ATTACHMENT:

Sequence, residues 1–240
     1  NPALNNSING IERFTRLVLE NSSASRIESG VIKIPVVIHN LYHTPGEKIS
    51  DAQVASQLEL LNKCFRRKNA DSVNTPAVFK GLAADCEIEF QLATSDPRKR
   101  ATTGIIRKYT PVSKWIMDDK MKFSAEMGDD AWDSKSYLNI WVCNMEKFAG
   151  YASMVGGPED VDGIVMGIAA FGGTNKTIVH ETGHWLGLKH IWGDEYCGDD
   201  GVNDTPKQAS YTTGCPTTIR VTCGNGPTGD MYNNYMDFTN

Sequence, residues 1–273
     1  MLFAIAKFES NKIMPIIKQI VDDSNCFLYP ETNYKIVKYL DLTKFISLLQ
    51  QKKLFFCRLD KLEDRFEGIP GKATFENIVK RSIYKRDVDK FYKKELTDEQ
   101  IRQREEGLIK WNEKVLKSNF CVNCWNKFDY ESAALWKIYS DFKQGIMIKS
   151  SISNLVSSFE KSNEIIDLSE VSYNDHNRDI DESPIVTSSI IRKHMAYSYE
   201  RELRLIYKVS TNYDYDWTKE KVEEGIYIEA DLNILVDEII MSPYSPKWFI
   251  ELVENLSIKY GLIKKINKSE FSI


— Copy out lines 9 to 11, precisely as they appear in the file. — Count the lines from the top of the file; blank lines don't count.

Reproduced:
    51  QKKLFFCRLD KLEDRFEGIP GKATFENIVK RSIYKRDVDK FYKKELTDEQ
   101  IRQREEGLIK WNEKVLKSNF CVNCWNKFDY ESAALWKIYS DFKQGIMIKS
   151  SISNLVSSFE KSNEIIDLSE VSYNDHNRDI DESPIVTSSI IRKHMAYSYE